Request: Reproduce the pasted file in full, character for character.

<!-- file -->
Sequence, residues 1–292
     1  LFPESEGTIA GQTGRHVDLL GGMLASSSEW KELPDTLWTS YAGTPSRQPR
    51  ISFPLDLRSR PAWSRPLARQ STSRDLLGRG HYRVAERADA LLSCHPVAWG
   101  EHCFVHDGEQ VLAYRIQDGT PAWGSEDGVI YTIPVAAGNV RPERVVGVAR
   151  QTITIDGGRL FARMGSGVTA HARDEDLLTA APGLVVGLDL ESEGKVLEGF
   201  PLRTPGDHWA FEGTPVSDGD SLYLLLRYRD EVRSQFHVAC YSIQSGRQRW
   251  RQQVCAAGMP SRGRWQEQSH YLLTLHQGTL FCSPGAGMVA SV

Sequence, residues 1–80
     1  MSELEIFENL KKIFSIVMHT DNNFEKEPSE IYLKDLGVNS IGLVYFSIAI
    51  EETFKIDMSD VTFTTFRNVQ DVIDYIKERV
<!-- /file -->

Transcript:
Sequence, residues 1–292
     1  LFPESEGTIA GQTGRHVDLL GGMLASSSEW KELPDTLWTS YAGTPSRQPR
    51  ISFPLDLRSR PAWSRPLARQ STSRDLLGRG HYRVAERADA LLSCHPVAWG
   101  EHCFVHDGEQ VLAYRIQDGT PAWGSEDGVI YTIPVAAGNV RPERVVGVAR
   151  QTITIDGGRL FARMGSGVTA HARDEDLLTA APGLVVGLDL ESEGKVLEGF
   201  PLRTPGDHWA FEGTPVSDGD SLYLLLRYRD EVRSQFHVAC YSIQSGRQRW
   251  RQQVCAAGMP SRGRWQEQSH YLLTLHQGTL FCSPGAGMVA SV

Sequence, residues 1–80
     1  MSELEIFENL KKIFSIVMHT DNNFEKEPSE IYLKDLGVNS IGLVYFSIAI
    51  EETFKIDMSD VTFTTFRNVQ DVIDYIKERV